A reusable water bottle. The can opener. The coffeemaker. Some kitchen items — particularly those that don’t always seem dirty — are often overlooked when it comes to regular and thorough cleanings. Check out this list of surprising dirt-and-germ hiding spots and find out how to wash them properly.
How dirty could a water bottle possibly be? It only comes into contact with clean water and germs from your own mouth, right? The problem is that water bottles harbor the very conditions — humidity plus time, plus occasional heat (like when you leave the bottle in your car) — that favor the growth of bacteria, molds and yeasts. And a quick rinse at the end of the day isn’t enough to get rid of them. Instead, wash your bottle and its cap daily with warm, soapy water, using a long-handled brush to reach the bottom and inside the cap. Or, use the dishwasher if your bottle is dishwasher-safe. And be sure to air-dry thoroughly, leaving the bottle uncapped until you refill it for its next outing.
Ever pull out a load of dishes to find it coated with a layer of baked-on grit? The culprit is usually a clogged filter — that new-fashioned addition that makes modern dishwashers so quiet. To clean the filter, check your owner’s manual. You’ll typically find the filter at the bottom of the dishwasher. Remove the bottom rack, then unscrew the filter in a counterclockwise direction. Pull it out gently, along with any flat mesh filter that it fits with. Check the sump (the cylindrical hole where the filter goes) and remove any chunks you find there. Then submerge the filter pieces in a sink filled with warm soapy water and scrub away dirt with a damp, soapy soft cloth or sponge (the parts are delicate, so hold back the abrasive materials and elbow grease). If there is any oily film or residue over the pieces, pour boiling water directly over them to remove it. Many dishwasher manufacturers recommend cleaning out the filter twice a year, but if yours needs it more often, you’ll be the first to know — when those dishes stop coming out nice and clean.
Although you’d think a coffeemaker would be germ-free (boiling water runs through it, after all), the heat and humidity inside it help bacteria thrive. A 2011 study by NSF International, an independent public health and safety organization, found that a coffeemaker reservoir was one of the most-germ-laden spots in the home — ahead of doorknobs and even the handle on the toilet. NSF recommends following the manufacturer’s instructions for daily cleaning, plus doing a monthly vinegar treatment: Pour white vinegar into the reservoir and let it stand. Then run the coffeemaker with fresh water until the aroma of the vinegar subsides.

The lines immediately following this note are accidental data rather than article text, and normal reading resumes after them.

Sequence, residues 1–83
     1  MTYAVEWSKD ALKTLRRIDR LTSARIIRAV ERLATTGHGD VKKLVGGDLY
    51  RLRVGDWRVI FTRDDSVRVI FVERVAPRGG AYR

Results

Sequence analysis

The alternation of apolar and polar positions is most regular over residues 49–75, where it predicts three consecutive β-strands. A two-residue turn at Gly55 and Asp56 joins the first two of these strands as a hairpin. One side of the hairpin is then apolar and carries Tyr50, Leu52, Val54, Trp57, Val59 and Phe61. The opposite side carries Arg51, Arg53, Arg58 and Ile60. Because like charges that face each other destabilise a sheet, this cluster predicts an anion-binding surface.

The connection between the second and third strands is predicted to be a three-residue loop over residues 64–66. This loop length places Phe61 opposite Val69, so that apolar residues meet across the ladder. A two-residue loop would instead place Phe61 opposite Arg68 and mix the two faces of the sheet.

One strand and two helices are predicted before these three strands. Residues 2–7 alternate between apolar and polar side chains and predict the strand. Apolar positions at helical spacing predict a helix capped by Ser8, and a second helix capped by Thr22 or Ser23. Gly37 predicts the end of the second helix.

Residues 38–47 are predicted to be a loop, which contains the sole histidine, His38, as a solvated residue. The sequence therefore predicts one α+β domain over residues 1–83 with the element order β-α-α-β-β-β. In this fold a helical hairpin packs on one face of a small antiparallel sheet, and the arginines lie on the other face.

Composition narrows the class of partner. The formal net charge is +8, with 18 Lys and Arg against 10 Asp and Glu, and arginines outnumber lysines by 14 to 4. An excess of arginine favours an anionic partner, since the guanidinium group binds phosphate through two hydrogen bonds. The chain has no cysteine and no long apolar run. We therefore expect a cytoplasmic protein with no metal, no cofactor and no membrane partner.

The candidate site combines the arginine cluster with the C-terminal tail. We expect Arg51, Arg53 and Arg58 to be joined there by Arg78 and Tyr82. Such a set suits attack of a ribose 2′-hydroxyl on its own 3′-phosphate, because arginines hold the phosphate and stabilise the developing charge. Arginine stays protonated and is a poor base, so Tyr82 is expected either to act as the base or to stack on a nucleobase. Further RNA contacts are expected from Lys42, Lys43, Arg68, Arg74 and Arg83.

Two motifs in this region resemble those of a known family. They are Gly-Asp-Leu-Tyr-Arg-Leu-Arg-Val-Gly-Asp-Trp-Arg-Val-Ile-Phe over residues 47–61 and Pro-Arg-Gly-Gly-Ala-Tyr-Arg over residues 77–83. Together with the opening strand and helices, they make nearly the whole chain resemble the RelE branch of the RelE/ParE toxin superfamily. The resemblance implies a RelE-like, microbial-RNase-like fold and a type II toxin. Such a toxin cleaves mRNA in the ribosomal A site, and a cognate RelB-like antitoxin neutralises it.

It’s ironic that the tool we use to wash things — things we eat off of! — has been found by so many studies to be the most germ-laden item in the house. Think foodborne pathogens, yeasts and mold. To kill all that messy stuff breeding in the crevices, toss your sponge in the dishwasher along with your dishes after you’re done washing up for the evening. Then run it on the hottest and longest cycle. And — this is key — use the dry cycle. Or, heat a wet sponge in your microwave for two minutes at full power. Replacing your kitchen sponge every couple of weeks will also keep you in good shape.
Despite our best efforts to wash our hands before cooking, stove knobs also harbor all sorts of bacteria, yeasts and mold. Luckily, cleaning them is a snap, since the knobs are removable. Take them off once a week and plunge them into warm, soapy water, scrubbing crevices with a toothbrush if necessary. Dry completely and pop them back into place.
Regardless of whether you use hardwood, bamboo, plastic or glass, the USDA recommends washing all cutting boards in hot, soapy water after each use, then air-drying or blotting dry completely with paper towels. And if you haven’t gotten the memo, keeping separate cutting boards — one for raw meats and fish and another for produce or cooked items — also fights the spread of E. coli and the like. To remove stains, try rubbing your board with a paste of coarse salt and lemon juice. (This helps with odors, too.) For the occasional serious deep-clean, the USDA advises using a solution of 1 tablespoon of bleach per gallon of water (flood the surface, then let stand for a few minutes). Rinse well, then air-dry.
Do you toss your opener back in the drawer after each use? It’s time to rethink your routine. Can openers come into contact with food, so it stands to reason that they should be cleaned after every use. The easiest way? Run them through the dishwasher with the dry function to prevent rusting the blade. If your can opener isn’t dishwasher-safe, wash it in warm, soapy water. If you’ve been lax in the past, you can use a toothbrush to scrub around the blade. Be sure to air-dry it completely before putting it away.
Refrigerator Vegetable Drawer
As you might occasionally be reminded by newspaper headlines, the produce you bring home from the grocery store and farmers market can carry foodborne pathogens. Since we tend to eat these items raw, it makes sense to wash your vegetable and fruit drawers with warm, soapy water regularly. NSF recommends doing it once a month.